Trump did not reduce R&D funding or suppress research in the way many feared he would, though this was mainly down to wide support for research in Congress.

The president did however encourage broad fossil fuel use, weaken the Environmental Protection Agency, and scrap every major environmental regulation that he thought might impede growth in the oil and gas industries.

Tarasick believes the US under Biden can lead on reining in greenhouse gases. “I’m an optimist, at least about humanity’s enlightened self-interest: we fixed the ozone layer; we’ll fix this one, too.”

“It is a harder problem, but the incentives are also large: much of Florida used to be a coral reef, and indeed large areas of New York and Washington are also low-lying. And we all like polar bears – as long as they don’t get too close,” he said.

Biden has said he would dismember Trump’s fossil fuel legacy, including reinstating the US in the international Paris climate accord.

The incoming president will also be forced to make a decision over the disputed Keystone XL, a multi-billion dollar project that would transfer more than 800,000 barrels per day of crude oil from Alberta to Nebraska. The incoming president vowed early on that he would scrap the pipeline, despite Canada already investing billions of dollars in the project.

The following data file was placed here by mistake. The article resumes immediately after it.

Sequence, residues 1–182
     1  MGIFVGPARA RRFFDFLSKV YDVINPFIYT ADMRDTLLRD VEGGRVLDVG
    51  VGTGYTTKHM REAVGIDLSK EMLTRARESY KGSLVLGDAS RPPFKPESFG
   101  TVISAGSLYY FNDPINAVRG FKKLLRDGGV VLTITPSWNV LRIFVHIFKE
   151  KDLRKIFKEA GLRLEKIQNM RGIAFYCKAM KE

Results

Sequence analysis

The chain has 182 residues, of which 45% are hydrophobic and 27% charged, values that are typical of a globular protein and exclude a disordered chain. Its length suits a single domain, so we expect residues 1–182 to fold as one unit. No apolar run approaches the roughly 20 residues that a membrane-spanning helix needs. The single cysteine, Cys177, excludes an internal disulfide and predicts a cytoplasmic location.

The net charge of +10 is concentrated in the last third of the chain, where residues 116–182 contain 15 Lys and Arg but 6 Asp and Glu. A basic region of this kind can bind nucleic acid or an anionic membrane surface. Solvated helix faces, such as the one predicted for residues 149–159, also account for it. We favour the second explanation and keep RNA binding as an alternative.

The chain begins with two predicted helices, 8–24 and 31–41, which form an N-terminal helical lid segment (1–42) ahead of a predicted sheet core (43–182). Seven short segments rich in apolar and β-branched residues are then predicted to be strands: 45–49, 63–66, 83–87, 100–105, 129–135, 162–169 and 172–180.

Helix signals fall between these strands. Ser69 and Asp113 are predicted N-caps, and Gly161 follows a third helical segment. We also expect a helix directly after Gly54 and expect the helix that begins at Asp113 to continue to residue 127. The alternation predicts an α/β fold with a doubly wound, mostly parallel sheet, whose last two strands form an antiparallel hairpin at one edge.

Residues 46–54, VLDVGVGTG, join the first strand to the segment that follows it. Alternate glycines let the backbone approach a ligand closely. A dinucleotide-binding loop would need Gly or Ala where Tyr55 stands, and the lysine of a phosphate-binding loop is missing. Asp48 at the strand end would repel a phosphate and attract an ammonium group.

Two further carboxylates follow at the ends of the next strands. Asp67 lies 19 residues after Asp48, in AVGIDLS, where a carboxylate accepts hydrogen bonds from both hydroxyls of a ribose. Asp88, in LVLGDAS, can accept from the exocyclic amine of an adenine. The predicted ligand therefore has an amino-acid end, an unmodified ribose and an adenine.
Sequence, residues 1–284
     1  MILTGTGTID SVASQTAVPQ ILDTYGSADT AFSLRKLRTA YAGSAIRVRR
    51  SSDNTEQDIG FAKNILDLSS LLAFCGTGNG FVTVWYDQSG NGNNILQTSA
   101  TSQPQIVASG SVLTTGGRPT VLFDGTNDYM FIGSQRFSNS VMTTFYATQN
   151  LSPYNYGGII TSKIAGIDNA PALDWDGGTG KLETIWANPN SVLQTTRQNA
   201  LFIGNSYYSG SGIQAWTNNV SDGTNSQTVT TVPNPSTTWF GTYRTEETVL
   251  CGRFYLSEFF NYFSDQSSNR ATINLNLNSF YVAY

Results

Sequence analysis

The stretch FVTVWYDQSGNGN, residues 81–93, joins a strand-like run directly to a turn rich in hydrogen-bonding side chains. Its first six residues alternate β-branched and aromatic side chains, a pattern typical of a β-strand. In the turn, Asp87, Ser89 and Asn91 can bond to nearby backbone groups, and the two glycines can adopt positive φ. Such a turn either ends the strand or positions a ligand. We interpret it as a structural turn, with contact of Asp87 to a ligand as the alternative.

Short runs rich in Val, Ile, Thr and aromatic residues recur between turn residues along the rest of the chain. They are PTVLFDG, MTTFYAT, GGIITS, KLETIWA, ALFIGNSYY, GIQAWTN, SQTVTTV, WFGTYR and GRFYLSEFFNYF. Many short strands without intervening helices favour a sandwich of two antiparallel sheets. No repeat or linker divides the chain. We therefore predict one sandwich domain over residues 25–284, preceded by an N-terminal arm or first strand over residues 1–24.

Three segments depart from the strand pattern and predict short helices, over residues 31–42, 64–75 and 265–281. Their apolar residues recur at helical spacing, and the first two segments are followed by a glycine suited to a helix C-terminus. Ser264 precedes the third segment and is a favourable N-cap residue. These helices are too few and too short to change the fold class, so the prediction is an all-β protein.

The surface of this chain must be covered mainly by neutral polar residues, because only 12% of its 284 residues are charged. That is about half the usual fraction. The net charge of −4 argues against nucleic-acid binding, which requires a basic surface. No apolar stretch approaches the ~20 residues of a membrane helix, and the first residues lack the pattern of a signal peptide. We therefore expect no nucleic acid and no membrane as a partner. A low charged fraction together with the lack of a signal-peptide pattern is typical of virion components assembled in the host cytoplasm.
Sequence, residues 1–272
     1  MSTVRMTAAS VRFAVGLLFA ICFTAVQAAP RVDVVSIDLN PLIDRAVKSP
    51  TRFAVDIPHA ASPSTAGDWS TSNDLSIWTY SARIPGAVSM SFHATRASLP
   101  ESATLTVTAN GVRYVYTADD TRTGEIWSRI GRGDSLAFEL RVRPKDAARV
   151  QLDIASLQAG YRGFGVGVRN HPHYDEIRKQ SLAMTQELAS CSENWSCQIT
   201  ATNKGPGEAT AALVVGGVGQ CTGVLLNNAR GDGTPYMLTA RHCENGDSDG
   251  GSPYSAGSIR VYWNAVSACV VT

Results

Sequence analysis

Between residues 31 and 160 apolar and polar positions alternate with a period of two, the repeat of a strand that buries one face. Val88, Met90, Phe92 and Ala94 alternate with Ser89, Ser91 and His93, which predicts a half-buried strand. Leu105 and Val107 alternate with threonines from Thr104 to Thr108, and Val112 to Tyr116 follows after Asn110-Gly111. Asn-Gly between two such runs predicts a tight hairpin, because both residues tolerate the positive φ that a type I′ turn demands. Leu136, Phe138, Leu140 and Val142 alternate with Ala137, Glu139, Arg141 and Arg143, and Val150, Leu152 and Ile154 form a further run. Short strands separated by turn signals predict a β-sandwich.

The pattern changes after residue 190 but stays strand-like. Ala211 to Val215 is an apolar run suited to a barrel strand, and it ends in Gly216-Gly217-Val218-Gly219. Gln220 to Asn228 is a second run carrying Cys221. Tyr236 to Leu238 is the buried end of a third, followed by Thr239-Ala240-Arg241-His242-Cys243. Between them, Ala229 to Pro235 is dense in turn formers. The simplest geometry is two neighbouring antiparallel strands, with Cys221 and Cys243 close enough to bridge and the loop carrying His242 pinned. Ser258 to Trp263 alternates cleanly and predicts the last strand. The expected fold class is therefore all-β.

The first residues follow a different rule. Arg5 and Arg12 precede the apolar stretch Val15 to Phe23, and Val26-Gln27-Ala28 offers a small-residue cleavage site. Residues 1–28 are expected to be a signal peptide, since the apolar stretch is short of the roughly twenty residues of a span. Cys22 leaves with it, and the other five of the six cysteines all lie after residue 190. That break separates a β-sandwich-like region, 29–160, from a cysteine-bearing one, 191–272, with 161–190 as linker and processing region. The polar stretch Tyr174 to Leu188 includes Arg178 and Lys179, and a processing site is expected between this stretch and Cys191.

“I think the likely scenario is that there will be an initial time out for the project, a lengthy review, and if sensible compromises can be found that satisfy environmental concerns, the project may still go ahead,” said Antweiler of the University of British Columbia. “[But] I wouldn’t wager any money it.”

He added that, “on balance, the economic benefits to the clean energy sector in Canada [from a Biden presidency] certainly outweighs any costs from non-completion of Keystone. Any boost to the clean energy sector in the US will also benefit the many Canadian companies that are active [there], often with manufacturing and service [gains] back in Canada,” he said.